3. Store fruit-on-the-bottom yogurt in the refrigerator and use within a week.

 

Homemade Fruit-on-the-Bottom Yogurt Cups
 
Create healthy, delicious cups of fruit-on-the-bottom yogurt using homemade yogurt and fresh/frozen fruit.
Author:
Recipe type: Snack
Cuisine: Dairy
Ingredients
  • 1 Tbsp yogurt starter
  • 1 Cup whole milk
Instructions
  1. Stir 1 Tbsp. of yogurt culture into 1 cup of milk. (If you're making a larger batch, just use 1 Tbsp. of starter per 1 cup of milk.) Put mixture in a jar.
  2. Cover the jar with a paper towel and secure in place. (You can use a canning ring if using a canning jar or just a rubber band.)
  3. Place in the dehydrator or in another location where the temperature will be consistently between 70 to 78 degrees F. It needs to remain undisturbed for 12 to 18 hours. You'll know the yogurt is set when you tip the jar and the yogurt moves as one mass away from the side of the jar.
  4. Place in the fridge for at least 6 hours to stop the culturing process.
  5. When you use the yogurt, make sure you set aside enough yogurt starter for your next batch. To keep the starter healthy, you should make yogurt at least once every 7 days.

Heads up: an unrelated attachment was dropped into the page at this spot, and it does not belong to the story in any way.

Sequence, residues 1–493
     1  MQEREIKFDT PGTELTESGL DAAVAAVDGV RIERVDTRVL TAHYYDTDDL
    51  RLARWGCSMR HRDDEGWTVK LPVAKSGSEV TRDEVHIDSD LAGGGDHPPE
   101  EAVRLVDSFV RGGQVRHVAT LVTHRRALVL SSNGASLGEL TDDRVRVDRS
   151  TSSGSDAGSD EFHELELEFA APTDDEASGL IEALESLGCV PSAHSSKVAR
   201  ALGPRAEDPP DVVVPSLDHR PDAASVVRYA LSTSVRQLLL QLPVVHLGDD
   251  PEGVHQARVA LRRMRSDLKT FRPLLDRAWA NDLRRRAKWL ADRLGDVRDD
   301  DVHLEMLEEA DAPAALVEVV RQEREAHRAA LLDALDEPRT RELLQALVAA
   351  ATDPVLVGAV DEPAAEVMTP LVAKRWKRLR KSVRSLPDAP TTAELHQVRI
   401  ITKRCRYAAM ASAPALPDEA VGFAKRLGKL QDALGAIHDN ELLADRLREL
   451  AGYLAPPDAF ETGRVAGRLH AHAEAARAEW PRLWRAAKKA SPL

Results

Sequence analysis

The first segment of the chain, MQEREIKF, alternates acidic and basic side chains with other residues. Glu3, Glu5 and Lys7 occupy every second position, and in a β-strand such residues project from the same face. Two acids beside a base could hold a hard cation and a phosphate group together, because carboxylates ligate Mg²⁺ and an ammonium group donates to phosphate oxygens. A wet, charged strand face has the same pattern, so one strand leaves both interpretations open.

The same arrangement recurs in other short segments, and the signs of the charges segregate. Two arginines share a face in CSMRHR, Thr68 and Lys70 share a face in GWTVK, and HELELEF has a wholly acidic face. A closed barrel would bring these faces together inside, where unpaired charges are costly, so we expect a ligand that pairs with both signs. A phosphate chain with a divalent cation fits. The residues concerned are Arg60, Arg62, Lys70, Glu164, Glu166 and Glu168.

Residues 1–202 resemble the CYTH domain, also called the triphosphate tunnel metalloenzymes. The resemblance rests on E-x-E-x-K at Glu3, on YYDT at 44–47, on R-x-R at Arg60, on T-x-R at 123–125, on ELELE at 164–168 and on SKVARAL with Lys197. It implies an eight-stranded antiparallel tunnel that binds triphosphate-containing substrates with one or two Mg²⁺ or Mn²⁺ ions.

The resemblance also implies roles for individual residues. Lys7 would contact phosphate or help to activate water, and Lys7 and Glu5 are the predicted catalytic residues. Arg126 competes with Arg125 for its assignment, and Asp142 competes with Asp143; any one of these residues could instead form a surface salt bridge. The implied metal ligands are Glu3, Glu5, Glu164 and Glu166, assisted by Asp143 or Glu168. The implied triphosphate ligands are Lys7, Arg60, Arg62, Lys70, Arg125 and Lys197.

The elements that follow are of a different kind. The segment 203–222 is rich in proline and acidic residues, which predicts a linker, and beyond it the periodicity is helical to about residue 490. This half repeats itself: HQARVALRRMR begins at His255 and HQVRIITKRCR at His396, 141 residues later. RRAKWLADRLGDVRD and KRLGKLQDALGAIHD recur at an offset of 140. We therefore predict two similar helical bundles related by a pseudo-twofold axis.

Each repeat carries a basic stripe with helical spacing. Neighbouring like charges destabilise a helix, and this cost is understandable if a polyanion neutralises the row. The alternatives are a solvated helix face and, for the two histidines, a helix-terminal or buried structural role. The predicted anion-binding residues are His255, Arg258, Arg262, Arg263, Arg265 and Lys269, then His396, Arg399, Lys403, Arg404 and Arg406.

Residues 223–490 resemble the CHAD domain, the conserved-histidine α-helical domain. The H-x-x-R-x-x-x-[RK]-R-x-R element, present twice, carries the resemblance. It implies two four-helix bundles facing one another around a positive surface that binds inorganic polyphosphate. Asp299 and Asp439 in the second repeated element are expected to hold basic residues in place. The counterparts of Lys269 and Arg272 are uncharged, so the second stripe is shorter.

Notes
Fruit-on-the-Bottom Option

Ingredients:

2-3 Tbsp. of fruit per jar
Sweetener (if desired)
Homemade yogurt

Directions:

If your fruit has plenty of juice and/or you don't want added sweetener, you can skip this step. Place fruit in a bowl and add sweetener to your desired sweetness level. Allow to sit for 30 minutes to an hour before using to allow for a beautiful juice to be made. Spoon 2-3 Tbsp. of the fruit into the jar and top with yogurt. Store fruit-on-the-bottom yogurt in the refrigerator and use within a week.

 

 

 

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Review: Bread Revolution by Peter Reinhart

Bread Revolution by Peter Reinhart Book Review

Special thanks to Blogging for Books for providing a review copy of this book.